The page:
This week, we cover a former San Ramon resident’s award-winning debut; a film festival honoring the multi-talented Stephen Chow; and an encore screening of the documentary “Who Is Michael Jang?”

After lassoing an Outstanding First Feature award at the Frameline film festival, former San Ramon resident Luke Gilford’s LGBTQ-themed “National Anthem” gallops into the AMC Kabuki 8 in San Francisco on Friday. The gorgeously shot coming-of-age drama revolves around introverted 21-year-old construction worker Dylan (Charlie Plummer, ideally cast) in New Mexico as he discovers who is while he falls for the free-spirited Sky (Eve Lindley) and bonds with the maternal Carrie (Mason Alexander Park), who is nonbinary.

Gilford’s film feels like a mashup of an LGBTQ-friendly country song and an impressionistic indie feature. It’s a calm, observant appreciation of the characters and the welcoming, liberated community they created.

Martial arts fans who like comedy spliced into their action may well want to pay for a $45 all-access pass to “Heart of the Richmond: Stephen Chow Film Festival” at San Francisco’s Balboa Theater, which has partnered with the Hong Kong Economic and Trade Office in San Francisco and San Francisco Supervisor Connie Chan’s office to celebrate the beloved Hong Kong filmmaker and action star. Now 62, he most recently has worked as a producer and director.

The series runs July 12-14. Tickets cost $14 general; $12.50 for seniors and children. An hour-long 6:30 p.m. reception on July 12 includes traditional Chinese dancing, hors d'oeuvres and Cantonese calligraphy.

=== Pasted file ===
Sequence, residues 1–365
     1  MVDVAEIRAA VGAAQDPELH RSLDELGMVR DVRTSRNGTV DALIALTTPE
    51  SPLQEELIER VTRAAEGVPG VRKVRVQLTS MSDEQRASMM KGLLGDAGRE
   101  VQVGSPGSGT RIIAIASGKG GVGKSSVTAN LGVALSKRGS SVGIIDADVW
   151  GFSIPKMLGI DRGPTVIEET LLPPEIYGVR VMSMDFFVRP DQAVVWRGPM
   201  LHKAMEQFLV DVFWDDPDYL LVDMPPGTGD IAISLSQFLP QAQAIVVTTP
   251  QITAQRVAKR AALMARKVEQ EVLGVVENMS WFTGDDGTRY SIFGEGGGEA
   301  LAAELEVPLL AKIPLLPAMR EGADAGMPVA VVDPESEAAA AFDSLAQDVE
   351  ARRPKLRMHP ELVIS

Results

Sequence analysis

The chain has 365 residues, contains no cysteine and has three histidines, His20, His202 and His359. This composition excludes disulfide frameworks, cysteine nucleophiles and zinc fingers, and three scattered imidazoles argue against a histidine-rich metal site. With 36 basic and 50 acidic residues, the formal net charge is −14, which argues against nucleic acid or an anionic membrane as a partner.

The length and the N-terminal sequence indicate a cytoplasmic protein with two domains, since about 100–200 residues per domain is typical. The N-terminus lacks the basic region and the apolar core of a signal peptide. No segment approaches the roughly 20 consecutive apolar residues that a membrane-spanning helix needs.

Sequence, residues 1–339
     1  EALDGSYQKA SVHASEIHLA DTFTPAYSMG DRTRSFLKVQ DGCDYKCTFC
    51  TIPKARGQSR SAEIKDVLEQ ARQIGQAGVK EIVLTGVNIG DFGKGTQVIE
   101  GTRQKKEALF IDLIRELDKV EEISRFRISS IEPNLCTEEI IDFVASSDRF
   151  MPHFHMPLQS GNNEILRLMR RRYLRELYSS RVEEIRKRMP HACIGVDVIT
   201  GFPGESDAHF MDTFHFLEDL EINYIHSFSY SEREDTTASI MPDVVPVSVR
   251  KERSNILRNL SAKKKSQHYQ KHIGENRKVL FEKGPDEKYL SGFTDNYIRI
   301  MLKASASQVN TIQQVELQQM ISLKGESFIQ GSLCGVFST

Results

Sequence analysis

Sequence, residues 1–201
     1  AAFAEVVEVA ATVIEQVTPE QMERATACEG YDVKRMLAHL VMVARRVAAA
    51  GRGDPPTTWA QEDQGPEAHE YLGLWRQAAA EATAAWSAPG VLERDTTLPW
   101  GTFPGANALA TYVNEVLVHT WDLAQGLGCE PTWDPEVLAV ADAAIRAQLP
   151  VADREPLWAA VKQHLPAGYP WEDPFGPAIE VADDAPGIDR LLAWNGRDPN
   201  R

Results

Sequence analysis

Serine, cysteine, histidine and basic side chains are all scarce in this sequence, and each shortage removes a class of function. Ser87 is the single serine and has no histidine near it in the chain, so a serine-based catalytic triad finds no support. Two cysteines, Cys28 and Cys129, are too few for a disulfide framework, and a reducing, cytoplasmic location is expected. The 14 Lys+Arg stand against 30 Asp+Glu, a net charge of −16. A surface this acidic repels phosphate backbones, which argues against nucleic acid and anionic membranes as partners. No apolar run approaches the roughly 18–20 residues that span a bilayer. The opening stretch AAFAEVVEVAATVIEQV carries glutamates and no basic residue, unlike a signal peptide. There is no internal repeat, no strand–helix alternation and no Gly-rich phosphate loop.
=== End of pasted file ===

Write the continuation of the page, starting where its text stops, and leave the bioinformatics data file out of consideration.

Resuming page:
“Shaolin Soccer” kicks off the Stephen Chow Film Festival in San Francisco. (Courtesy Balboa Theater)

Here’s a rundown:

“Shaolin Soccer”: Screening at 8 p.m. July 12, this irresistible 2001 comedy-action film kicked up a lot of interest in the United States when it came out. With Chow announcing a sequel, “Shaolin Women’s Soccer,” in the works, it’s an ideal time to catch or rewatch this crowd-pleaser about an ex-Shaolin monk getting his five brothers together as they exhibit their extraordinary soccer skills.

On July 13, fans might as well plan to spend the afternoon and evening at the theater. First up is 1996’s “The God of Cookery” at 1:30 p.m. Chow plays an arrogant chef who really doesn’t have the skill set, yet he’s a tough judge in a cooking contest. For a rom com, cozy up to 1992’s “All’s Well, Ends Well” at 4:30 p.m., about the romantic exploits of three brothers. One of my favorites, 2004’s “Kung Fu Hustle,” screens at 7:30 p.m. Set in 1940s Shanghai, “Hustle” showcases Chow’s skills as director and actor. He stars as a small-time thief who, with his sidekick, becomes embroiled in big-time trouble involving gangs and a fierce landlady.

July 14 offers a perfect Chow double bill: 1995’s “The Chinese Odyssey Part 1: Pandora’s Box” at 1:30 p.m. and 1995’s “The Chinese Odyssey Part 2: Cinderella” at 4:30 p.m., comedic takes on the Monkey King legend that involve time travel. The festival ends with 1993’s “Flirting Scholar” at 7:30 p.m. featuring Chow as a scholar pursuing a servant girl he’s crushing hard on. For tickets, visit balboamovies.com/.

A standout of 2024’s DocFest was Bay Area-based filmmaker Michael Jacob’s “Who is Michael Jang?” If you missed it, you’re in luck now. The Roxie in San Francisco screens the 42-minute documentary about the San Francisco photographer whose ingenuity allowed him to gain access to exclusive events and to capture striking images of key people, places and things. The film screens at 6:45 p.m. July 11, 1:35 p.m. July 14 and 7:40 p.m. July 18. For tickets, visit https://roxie.com/film/who-is-michael-jang.